KTBS Interviews Robert Storment with SRP Environmental about asbestos contamination from building demolition

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MANSFIELD, La. (KTBS) – A small town in northwest Louisiana, fear they have been failed by a system they trusted when a historic building was torn down, coating downtown Mansfield in dust.

“I didn’t question anybody or the workers just because I just kind of trusted in the system,” Lauri Williamson said. “That it had been tested.”

The big question remains, did that dust carry asbestos and what impact does that have on the community.

Built in 1911 as the First Baptist Church, the massive building on the corner of Jefferson and Polk, served its purpose until 1980.

The church sat vacant for years, even after being purchased by the Calhoun Family in 1982.

Then in 1994, the property was renovated.

“It was apartments,” Reimer Calhoun said. “Thirtyish apartments.”

In 2011 the state fire marshal’s office deemed the structure unsafe and the doors closed for good.

This past summer, the church would undergo one last change, a demolition, with one of three buildings already taken down.

“Well removal and demolition was the only thing we could figure out to do,” Calhoun said.

But the heat and dust made an unbearable mess for neighbors.

“We would have dust that would blow over to my porch and the bushes and stuff,” Williamson, a local business owner said.

“It was mainly the dust that was bothering us,” another shop owner, Elsa Mims, said. “There was just so much dust out there and we were changing filters three times a week.”

Finally, Mims said she could not take it anymore.

“So then we started thinking that something needs to be done about this and so we called DEQ,” Mims said.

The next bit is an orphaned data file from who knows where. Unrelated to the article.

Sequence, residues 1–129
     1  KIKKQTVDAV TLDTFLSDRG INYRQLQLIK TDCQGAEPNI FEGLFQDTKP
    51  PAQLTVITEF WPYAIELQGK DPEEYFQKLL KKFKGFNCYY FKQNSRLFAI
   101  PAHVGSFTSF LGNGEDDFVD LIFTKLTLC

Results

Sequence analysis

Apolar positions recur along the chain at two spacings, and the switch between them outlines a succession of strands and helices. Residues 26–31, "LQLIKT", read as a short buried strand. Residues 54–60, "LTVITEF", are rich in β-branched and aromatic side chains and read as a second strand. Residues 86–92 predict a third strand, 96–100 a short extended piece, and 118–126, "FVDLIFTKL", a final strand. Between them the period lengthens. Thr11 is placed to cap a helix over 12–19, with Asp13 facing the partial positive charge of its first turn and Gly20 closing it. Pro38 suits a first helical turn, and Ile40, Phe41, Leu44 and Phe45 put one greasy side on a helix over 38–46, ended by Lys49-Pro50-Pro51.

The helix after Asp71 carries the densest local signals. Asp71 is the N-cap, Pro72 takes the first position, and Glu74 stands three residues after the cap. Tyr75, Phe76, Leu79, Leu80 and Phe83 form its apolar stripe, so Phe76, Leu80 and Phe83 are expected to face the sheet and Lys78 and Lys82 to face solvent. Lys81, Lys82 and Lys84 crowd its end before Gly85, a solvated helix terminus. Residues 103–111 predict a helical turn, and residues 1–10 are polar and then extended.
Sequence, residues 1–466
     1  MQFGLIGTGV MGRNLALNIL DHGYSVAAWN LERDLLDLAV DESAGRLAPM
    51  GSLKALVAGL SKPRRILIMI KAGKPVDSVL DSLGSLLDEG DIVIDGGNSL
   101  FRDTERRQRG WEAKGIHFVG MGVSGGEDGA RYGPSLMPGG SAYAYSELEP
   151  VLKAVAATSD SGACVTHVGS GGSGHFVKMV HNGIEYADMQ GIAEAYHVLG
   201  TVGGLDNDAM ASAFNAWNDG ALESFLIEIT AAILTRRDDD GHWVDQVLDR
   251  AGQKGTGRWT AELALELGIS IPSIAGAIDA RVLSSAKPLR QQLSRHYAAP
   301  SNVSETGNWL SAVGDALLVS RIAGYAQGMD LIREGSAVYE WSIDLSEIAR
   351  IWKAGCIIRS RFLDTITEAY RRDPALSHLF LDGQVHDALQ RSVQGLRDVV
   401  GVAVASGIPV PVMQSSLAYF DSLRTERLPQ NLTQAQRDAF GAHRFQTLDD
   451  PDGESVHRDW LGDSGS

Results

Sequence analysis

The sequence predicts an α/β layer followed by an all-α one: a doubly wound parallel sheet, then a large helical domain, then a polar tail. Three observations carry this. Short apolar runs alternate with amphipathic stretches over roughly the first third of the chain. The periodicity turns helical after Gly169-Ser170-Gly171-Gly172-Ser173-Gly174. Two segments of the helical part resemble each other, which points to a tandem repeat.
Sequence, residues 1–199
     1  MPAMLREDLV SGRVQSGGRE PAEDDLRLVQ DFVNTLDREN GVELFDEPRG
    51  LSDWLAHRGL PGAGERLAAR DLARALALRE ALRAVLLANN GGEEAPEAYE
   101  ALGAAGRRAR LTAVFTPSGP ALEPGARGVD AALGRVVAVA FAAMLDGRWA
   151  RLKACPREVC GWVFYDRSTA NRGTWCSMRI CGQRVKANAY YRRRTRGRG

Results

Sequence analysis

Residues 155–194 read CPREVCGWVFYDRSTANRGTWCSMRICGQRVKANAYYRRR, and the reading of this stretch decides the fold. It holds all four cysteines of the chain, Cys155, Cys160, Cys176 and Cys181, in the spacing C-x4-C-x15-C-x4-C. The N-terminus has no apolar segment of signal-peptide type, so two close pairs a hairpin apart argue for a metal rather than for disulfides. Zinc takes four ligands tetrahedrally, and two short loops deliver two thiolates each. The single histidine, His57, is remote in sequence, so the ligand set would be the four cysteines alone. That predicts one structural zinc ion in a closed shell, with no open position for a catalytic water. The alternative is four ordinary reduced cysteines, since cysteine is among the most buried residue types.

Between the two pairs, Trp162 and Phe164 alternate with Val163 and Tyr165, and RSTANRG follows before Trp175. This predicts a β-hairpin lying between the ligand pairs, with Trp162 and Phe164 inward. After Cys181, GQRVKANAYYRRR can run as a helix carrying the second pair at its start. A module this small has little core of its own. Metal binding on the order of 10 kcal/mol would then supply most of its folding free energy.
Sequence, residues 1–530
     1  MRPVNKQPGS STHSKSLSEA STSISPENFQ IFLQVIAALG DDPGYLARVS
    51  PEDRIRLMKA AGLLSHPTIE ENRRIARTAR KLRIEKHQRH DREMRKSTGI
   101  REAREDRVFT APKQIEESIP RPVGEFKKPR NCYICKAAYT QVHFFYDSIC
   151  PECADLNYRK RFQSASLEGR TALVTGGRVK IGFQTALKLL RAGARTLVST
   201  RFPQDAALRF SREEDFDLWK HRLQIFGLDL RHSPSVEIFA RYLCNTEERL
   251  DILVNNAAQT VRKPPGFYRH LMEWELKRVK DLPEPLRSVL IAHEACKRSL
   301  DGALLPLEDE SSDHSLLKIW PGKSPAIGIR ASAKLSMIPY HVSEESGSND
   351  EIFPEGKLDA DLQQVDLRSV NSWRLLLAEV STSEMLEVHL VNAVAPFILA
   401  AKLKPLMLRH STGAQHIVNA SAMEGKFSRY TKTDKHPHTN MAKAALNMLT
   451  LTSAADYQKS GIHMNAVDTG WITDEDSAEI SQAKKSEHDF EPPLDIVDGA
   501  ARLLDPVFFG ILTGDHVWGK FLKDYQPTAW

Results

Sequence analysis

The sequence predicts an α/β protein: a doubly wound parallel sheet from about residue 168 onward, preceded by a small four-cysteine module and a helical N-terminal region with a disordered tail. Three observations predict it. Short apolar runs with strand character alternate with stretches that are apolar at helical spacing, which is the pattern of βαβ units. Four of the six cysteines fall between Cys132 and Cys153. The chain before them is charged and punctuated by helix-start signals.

Greg Langley with the Department of Environmental Quality told KTBS in an email DEQ responded to citizen complaints in September.

Langley said DEQ issued a notice of deficiency, or request for additional information on the project.

DEQ then tested the property for asbestos and on October 8th, the results of the test came back positive.

Dr. Samer Nachawati is a Pulmonologist at Willis-Knighton.

“Asbestos, basically is a natural, mineral fiber,” Dr. Nachawati said. “It is known for its strength, fire and chemical properties. The badness happens whenever those asbestos bodies mix in with calcium and iron and form what is called the ferruginous body.”

Dr. Nachawati said those bodies are never fully absorbed, instead they build up scar tissue on the lungs, causing fluid to accumulate.

“It can also lead to certain types of cancer,” Dr. Nachawati said. “Mesothelioma is the most associated cancer with asbestos.”

When asked why an inspection was not done before construction started, Calhoun said: “That I do not know.”

Robert Storment is part owner of SRP, an environmental health and safety consulting agency in Shreveport. He said when you are working in an older building you can almost guarantee an encounter with asbestos.

“There is a good chance of it,” Storment said. “Especially buildings that were built pre-1970.”

In fact, he said a law was made to cover this kind of risk.

“There is a federal law called NESHAP that is enforced by the environmental protection agency that requires buildings to have an asbestos survey before they do any demolition or re-modeling,” Storment said.

Contractor for the project, Scott Shelton, declined an interview with KTBS but told us over the phone, asbestos was only found in three places, only two spots have to be abated.

That statement contradicts reports from Langley at DEW who said his department found asbestos in eight places.

Shelton said “we’ve done our side and done it correctly.”

He added that DEQ gave them the go ahead to continue working on the project, but he said he voluntarily shut down work until they could have all asbestos removed from the property.

But DEQ said the salvage work cannot continue until the contractor provides information and a time line on the abatement plan.

“I would be curious as to why anybody is concerned about it,” Calhoun said. “I think Scott Shelton has done an excellent job.”

Dr. Nachawati said the chance of any local business owner getting sick from the traveling dust is slim. He said the greatest risk is for the workers in direct contact, but the effects of asbestos inhalation are not immediate.

“You can see the effects of asbestos 10 years, 20 years, 30 years up to 40 years actually down the line,” Dr. Nachawati said.

For now, both Mims and Williamson agree they would be happy if the project would be completed correctly.

SOURCE: Originally posted on www.ktbs.com.